The event, which also saw a congregation of local business owners and entrepreneurs in attendance, was the second in our series of Creative Cities sessions run in partnership with the IPA and The Drum.
After a brief introduction by the IPA’s Director of Marketing Strategy Janet Hull, Creative England CEO Caroline Norbury began tonight’s panel discussion on the topic of unlocking private and public sector finance for creative businesses.
Caroline was joined by Finance Birmingham’s Chief Investment Officer John Handley, Golant Media Ventures’ Chief Executive Patrick Towell, Action Starter CEO and founder David Roberts and Aston Business School’s Pro-Vice Chancellor George Feiger.
How to make yourself more appealing to investors and which companies can be considered ‘creative’ in today’s ever-changing SME landscape kicked off the talk; with some reassuring words offered to companies who may be unsure where they sit within the sector.
“I’m keen to push the boundaries of what’s considered creative,” proposed John Handley, hitting home Finance Birmingham’s ‘all are welcome’ approach. However, Aston Business School’s George Feiger quickly reminded the crowd that ultimately, it’s the ability to prove the longevity of your business that’ll catch an investor’s eye.
“The single most important factor in selling a business is proving to the buyer that it’ll still exist when you’re gone,” said Feiger, suggesting entrepreneurs take the time to ensure their business is bigger (and more sustainable) than a just one or two founders. To help with this, Aston Business School offer support to new SMEs, with Feiger pointing attendees towards B-Seen.biz, a resource that offers mentoring and business plan advice.
The ability to pivot your company rounded out the discussion, with our panel representative offering differing views. “I think you need to be quite fleet of foot,” suggested Handley, adding that companies should find out what’s not working and turn 90 degrees if needs be. Action Starter's David Roberts insisted that a company shouldn't be forced to change, however don't expect the idea not to crop up if you're on the search for cash.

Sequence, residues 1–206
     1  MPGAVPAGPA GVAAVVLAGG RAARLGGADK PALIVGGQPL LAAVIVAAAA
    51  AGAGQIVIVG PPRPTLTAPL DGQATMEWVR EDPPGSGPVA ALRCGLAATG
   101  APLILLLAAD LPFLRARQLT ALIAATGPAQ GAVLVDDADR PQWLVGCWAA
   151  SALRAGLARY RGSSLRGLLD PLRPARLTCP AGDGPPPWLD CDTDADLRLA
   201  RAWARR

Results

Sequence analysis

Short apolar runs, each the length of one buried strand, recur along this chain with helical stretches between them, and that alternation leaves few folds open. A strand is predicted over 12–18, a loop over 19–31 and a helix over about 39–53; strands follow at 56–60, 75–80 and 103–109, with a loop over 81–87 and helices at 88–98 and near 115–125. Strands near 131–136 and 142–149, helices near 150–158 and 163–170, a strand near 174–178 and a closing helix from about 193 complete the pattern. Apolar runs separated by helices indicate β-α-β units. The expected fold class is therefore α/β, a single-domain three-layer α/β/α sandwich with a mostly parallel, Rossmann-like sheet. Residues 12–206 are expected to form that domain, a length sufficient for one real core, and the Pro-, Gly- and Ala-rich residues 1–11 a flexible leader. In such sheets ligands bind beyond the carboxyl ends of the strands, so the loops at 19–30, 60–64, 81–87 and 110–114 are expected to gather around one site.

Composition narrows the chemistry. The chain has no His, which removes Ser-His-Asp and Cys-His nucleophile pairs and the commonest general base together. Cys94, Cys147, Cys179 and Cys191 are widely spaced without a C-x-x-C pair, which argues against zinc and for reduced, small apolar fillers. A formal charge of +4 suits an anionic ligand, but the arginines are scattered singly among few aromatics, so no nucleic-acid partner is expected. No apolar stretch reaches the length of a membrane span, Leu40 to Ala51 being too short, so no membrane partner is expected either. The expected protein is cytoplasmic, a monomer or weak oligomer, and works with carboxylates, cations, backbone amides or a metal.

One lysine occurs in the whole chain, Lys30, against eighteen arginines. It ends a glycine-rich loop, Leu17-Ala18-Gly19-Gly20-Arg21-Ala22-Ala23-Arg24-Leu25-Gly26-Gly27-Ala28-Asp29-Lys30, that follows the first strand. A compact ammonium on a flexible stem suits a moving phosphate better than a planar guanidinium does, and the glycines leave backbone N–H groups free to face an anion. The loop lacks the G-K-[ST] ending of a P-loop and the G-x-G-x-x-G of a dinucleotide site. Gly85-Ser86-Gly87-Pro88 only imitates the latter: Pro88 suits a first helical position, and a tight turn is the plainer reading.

It was Feiger who balanced out the debate, reminding attendees that a pivot isn't necessarily a negative thing and that there's plenty of virtue to learning from experience.
As Wednesday’s panel drew to a close it was clear that access to finance remains a topic that's on the minds of small businesses and entrepreneurs, both regionally and nationally.
Whatever route you decide to take, Wednesday's panel discussion proved that it's essential to know what type of finance will suit your company, how it'll impact its future and that your business is in top shape before you go knocking on the doors of financiers.
Find out more about Creative Cities by visiting our new online content portal in partnership with The Drum.
For more information on Access To Finance, visit our business page.
- Creative Industries
- Creative England
- Access to Finance